Greek Lemon Soup

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santacruz
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2005/08/18 13:46:18 (permalink)

Greek Lemon Soup

I just returned to the states from B.C. Canada and up there I had one of the best soups that I have ever tasted. It was Greek Lemon and chicken soup. It had a very rich deep slightly citric flavor that was enhanced by little pieces of chicken. It was just fantastic.

I have had lemon soup before but never with chicken.

The place I had it in is a little Greek place called Tapas, it is in
Richmond B.C. right outside of Vancouver.

I would like to know how they make it so creamy without curdeling any cream or milk that has been added, if that is in fact what is used.

Has anyone else at Roadfood tried to make this soup?
#1

12 Replies Related Threads

    marky
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    RE: Greek Lemon Soup 2005/08/18 13:52:52 (permalink)
    ive had the lemon soup with chicken orzo and greek spices but the way i really love it is with lamb tripe. hard to find unless youre lucky enough to have a greek grandmother.
    #2
    johns72604
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    RE: Greek Lemon Soup 2005/08/18 14:30:37 (permalink)
    The name of that soup is Avgolemono, and it is downright delicious. I have a greek girlfriend and whenever i go with her to her grandparent (yaya and papu) they make it, and make me some to take home. I love it. Don't know how to do it without curdling it though.
    #3
    eaglerich
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    RE: Greek Lemon Soup 2005/08/26 05:11:49 (permalink)
    I have never made this soup, but I have served it and eaten it. It is made with egg whites (hence the"avgo" of avgolemono) like egg drop or egg flower soup.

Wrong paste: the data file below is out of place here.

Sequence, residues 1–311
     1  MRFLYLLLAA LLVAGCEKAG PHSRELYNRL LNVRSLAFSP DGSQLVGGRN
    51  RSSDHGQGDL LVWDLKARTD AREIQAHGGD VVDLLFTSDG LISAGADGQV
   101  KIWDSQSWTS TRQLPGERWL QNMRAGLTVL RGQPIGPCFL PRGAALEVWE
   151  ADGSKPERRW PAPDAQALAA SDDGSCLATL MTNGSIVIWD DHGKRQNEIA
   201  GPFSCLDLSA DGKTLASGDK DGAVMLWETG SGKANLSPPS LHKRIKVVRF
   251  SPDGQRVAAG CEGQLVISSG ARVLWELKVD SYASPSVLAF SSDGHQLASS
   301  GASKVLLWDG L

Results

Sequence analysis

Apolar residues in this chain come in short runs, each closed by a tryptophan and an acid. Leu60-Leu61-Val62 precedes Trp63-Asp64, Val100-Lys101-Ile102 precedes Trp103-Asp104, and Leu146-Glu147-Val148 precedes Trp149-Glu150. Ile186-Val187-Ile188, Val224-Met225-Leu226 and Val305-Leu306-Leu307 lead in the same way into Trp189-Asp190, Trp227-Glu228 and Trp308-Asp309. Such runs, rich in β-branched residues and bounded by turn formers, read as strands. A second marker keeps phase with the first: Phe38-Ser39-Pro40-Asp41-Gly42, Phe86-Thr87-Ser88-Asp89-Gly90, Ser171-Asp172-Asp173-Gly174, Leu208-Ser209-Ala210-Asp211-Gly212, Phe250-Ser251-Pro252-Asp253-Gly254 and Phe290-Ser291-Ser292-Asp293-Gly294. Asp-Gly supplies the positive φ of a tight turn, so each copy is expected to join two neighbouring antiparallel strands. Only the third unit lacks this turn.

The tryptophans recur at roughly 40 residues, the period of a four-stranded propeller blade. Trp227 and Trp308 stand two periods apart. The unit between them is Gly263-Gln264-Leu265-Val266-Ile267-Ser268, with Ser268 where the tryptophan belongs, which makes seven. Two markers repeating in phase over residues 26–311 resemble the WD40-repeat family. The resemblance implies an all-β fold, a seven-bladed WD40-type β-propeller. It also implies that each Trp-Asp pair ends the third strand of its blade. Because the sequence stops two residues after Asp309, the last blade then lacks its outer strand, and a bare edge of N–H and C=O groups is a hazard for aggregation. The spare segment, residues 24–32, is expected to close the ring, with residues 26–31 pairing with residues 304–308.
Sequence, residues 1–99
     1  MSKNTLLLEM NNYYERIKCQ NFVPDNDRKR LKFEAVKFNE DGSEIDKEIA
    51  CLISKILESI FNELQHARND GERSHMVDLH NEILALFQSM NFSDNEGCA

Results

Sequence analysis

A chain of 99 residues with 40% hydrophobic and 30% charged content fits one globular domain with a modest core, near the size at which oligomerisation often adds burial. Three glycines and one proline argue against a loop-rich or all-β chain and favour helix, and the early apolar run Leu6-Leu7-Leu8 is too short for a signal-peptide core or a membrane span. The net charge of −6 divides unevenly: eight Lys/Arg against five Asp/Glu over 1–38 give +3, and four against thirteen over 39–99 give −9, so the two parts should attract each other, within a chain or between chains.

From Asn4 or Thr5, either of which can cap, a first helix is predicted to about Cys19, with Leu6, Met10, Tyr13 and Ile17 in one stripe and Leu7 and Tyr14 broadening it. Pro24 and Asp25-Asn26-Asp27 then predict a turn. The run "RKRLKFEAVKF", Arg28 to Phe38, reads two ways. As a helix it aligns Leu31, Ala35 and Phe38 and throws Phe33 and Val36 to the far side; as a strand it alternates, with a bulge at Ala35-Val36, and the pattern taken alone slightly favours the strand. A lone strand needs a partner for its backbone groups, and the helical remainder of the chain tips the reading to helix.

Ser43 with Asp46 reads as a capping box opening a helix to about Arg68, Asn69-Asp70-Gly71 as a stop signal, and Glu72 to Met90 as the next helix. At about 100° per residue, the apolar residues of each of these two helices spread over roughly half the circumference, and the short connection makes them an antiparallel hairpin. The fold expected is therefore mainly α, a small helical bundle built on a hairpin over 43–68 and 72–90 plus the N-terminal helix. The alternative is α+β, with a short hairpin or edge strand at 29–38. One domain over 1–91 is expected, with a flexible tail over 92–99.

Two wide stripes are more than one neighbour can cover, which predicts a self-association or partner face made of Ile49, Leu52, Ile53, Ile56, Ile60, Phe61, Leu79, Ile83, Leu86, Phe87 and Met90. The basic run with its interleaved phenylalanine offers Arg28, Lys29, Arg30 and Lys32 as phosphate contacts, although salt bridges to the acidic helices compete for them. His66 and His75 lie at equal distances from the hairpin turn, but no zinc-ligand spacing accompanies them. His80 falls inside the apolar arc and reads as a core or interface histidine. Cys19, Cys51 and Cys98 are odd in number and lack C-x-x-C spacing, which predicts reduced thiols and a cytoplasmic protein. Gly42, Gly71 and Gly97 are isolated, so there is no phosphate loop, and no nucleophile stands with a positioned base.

#4
    hefried
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    RE: Greek Lemon Soup 2005/08/28 13:44:13 (permalink)
    it's a lovely soup. its actually pretty easy to make. you have to temper the ( whole, not just the whites) eggs into the broth slowly, by adding a little of the hot broth to the eggs a little at a time to warm them up before adding them back to the soup.... sometimes its made with rice or orzo
    there isn't cream or milk in it.
    chicken broth, lemon juice eggs rice or orzo and chicken meat is about it. (& seasonings)
    #5
    jellybear
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    RE: Greek Lemon Soup 2005/10/31 08:04:37 (permalink)
    Where can one find this recipe?
    #6
    santacruz
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    RE: Greek Lemon Soup 2005/10/31 15:02:19 (permalink)
    Here is a good recipe for it. Probably no Lambhead but you can use lamb meat.

    http://www.greek-recipe.com/static/content/Egg_and_Lemon_Lamb_Soup.html
    #7
    wexy
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    RE: Greek Lemon Soup 2006/01/02 20:00:47 (permalink)
    Now I have to stop by my old work neighborhood. I haven't even thought of that soup recently.
    #8
    Sonny Funzio
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    RE: Greek Lemon Soup 2006/03/21 14:44:52 (permalink)
    Hate to bump such an old thread, but it's still cold out in northern regions right now so this is a still a great soup for this weather.